The judge vacated the section 1910.37(j) violation on the grounds that four other available means of access existed at the facility, only eleven employees worked in the building and there were ladders nearby which would provide safe access to the exit door.

The judge concluded that the door "being four feet off the floor and easily operable does not constitute a hazard or impeded agrees which this standard is written to prevent.

On review the Secretary argues that the judge ignored the standard's "clear intent to require only stairs or ramps where a egress is not substantially level." The Secretary asserts that the lack of egress could be potentially fatal where a tire has blocked the plant's other exits or where confusion compels an employee to precipitantly attempt to negotiate the elevated exit".

In response, Hackney argues that under Spot-Bilt, Inc.,II BNA OSHC 1998, 1984, CCH OSHD 26,944 (No. 79-5328, 1984), not every exit of a facility must comply with the cited egress standard when there are adequate exits. In Spot-Bilt, the employer was cited under the emergency egress standards at 29 C.F.R. 1910.36(b)(4). 1910.37(k)(2). and 1910.37(q)(1) for failing to maintain a tree and unobstructed means of egress and to mark it with an exit sign. The cited door. which was locked, had its handle and exit sign removed and was also blocked by a number of objects, including sheets of plywood. Spot-Bilt locked the door because it was being used for unauthorized egress during work hours and because of "break-ins" The Commission vacated the citation, finding that the five other exits in the room met the cited standard's purpose of ensuring that employees had free and unobstructed egress from the room.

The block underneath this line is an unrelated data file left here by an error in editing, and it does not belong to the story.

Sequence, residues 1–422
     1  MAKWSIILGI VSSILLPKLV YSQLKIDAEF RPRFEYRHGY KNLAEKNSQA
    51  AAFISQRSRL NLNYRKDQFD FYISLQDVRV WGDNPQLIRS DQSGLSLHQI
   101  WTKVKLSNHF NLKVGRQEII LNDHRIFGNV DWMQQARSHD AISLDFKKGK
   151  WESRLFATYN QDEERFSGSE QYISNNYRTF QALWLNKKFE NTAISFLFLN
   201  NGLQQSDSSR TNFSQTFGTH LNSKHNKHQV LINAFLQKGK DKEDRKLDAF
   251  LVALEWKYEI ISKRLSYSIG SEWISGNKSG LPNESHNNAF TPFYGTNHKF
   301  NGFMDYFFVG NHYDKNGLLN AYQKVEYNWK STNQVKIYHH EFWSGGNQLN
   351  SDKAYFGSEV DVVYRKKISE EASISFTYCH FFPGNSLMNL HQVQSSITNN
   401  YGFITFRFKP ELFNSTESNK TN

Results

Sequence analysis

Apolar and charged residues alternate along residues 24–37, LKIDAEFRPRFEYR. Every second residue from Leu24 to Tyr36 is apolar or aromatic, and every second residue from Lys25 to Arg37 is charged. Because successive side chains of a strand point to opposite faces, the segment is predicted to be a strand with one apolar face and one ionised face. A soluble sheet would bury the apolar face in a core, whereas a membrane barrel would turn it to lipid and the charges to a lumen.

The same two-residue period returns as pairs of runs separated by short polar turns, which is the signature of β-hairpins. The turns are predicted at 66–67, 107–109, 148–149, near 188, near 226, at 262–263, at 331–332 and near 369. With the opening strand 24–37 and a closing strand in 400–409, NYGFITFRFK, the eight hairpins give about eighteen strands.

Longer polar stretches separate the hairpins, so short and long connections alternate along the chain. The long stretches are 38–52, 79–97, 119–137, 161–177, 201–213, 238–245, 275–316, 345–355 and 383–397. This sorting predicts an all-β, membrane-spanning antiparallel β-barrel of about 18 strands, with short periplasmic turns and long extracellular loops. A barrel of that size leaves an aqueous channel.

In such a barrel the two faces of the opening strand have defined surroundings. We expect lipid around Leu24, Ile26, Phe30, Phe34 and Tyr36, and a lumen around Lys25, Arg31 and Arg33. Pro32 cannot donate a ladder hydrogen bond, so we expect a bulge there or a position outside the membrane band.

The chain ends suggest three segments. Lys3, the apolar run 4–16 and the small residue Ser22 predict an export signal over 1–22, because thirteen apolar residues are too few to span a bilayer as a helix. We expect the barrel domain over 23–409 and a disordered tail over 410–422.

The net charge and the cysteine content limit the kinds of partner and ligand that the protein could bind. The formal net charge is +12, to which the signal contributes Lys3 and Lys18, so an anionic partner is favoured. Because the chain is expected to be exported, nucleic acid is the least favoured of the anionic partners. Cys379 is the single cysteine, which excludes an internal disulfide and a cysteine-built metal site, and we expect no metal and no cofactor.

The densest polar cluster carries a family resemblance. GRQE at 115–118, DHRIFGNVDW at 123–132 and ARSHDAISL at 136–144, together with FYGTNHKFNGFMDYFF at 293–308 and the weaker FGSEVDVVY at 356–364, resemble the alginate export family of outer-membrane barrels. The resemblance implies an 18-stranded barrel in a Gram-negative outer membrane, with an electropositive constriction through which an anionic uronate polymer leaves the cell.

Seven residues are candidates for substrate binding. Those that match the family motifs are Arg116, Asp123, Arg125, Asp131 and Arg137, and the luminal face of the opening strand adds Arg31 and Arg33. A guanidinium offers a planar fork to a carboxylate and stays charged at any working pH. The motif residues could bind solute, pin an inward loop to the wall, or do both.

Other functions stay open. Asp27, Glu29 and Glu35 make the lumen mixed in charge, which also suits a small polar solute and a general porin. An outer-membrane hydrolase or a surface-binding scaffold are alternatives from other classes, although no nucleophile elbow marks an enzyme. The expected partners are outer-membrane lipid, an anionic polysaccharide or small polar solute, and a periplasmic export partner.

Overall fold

Hackney also argues that if a violation is found, it should be classified as de minimis because the Secretary failed to prove direct and immediate relationship to the safety or health of its workers, based on the unlikelihood of a fire, the compliance officer's testimony of a "low probability" of an injury and that other exits were available to the employees. For support, Hackney cited National Rolling Mills, 4 BNA OSHC 1719, 1720- 21, 1976-77 CCH OSHD 21,114, p.25,415 No. 7987, 1976)(fall distance of 3 feet into a pit is de minimis when exposures are brief and brief and precautions are present). [[7]]